In October, billionaire businessman Shad Khan, the owner of the Jacksonville Jaguars, announced that he was set to become the majority investor in the Black News Channel.
“I believe there is an undeniable calling for everything the Black News Channel will deliver to African-American television audiences, who have historically been underserved in an era where networks have otherwise successfully targeted news to specific demographic groups and interests,” Khan said in a press release. “My decision to invest is an easy one, because we get to answer that calling.”
“We’re going to create a platform for African-American leaders,” Brillante stressed.
“In many areas of our country, they have to take their message to the streets to be heard. In the mainstream media, African Americans too often are marginalized. They are consulted only for sound bites related to sports, drugs and entertainment.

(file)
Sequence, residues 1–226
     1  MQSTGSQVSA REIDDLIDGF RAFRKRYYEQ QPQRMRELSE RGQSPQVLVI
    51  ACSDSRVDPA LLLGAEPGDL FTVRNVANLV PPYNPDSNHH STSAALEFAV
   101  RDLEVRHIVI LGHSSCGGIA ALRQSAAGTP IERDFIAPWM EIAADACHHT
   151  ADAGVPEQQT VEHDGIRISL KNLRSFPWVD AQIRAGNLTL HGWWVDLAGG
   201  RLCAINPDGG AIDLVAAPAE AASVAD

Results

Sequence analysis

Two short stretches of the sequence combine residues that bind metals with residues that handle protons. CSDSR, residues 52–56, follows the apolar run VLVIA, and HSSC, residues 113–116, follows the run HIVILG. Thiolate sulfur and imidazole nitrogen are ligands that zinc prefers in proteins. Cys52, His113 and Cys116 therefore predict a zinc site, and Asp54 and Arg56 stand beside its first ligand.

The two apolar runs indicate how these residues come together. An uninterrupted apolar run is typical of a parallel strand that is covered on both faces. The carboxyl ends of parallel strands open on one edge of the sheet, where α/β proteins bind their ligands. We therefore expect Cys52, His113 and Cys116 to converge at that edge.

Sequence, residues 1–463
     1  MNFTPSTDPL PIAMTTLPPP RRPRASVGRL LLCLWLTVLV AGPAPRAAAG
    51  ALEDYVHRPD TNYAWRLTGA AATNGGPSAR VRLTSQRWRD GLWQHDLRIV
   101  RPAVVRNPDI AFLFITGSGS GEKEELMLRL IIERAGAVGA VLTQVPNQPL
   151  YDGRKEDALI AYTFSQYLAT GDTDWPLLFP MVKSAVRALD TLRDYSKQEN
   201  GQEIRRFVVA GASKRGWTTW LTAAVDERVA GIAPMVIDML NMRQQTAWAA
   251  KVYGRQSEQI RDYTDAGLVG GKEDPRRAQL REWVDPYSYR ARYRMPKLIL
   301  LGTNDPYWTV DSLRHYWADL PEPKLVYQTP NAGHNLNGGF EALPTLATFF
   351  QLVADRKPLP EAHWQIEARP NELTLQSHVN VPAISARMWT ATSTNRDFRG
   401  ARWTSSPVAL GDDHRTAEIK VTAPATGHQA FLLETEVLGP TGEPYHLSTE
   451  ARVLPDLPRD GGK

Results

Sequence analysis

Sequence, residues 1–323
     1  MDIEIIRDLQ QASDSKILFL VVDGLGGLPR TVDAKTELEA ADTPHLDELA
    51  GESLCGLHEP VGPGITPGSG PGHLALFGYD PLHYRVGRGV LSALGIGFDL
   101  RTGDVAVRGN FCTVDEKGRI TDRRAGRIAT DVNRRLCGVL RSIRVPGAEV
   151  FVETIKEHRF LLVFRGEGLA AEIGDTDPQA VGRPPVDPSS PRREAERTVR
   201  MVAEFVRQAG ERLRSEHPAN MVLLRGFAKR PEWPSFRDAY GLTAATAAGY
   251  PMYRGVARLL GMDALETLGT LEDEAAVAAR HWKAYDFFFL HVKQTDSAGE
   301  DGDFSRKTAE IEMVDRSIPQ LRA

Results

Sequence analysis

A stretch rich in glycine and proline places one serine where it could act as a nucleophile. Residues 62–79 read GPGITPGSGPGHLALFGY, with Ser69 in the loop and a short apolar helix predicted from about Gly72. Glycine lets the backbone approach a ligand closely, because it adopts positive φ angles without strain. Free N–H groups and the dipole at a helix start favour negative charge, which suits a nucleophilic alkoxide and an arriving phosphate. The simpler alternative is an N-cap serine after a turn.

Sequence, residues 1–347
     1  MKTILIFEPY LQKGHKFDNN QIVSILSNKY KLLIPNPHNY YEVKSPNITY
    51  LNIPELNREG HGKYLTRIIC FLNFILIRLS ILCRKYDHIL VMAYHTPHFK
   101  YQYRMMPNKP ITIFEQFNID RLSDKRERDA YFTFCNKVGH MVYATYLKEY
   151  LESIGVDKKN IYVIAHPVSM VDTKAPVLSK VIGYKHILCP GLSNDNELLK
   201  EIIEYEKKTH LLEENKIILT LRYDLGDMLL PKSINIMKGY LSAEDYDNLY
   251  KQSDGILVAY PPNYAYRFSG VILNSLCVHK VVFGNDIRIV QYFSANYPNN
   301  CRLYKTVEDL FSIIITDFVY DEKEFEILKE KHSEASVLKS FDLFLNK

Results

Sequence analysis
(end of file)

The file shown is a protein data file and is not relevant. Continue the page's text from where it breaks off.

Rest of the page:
“That we are going to change. You empower a community by providing information. Knowledge is power. And we are going to create role models for African-American youth. We will be profiling black achievers from around the country — not just athletes, dancers and entertainers, but doctors, engineers and entrepreneurs.”
Advertisers have responded, enthusiastically. Brillante said in September that the Black News Channel already had sold enough advertising to ensure that the operation will be cash-flow positive in its first year.
“That’s a comfort,” Brillante said. “I didn’t have that with the Sunshine Network and Florida’s News Channel.”
And, about that pledge to remain culturally specific? Watts and Brillante are sure to keep one another honest that way.
“You won’t see any dilution,” Brillante said.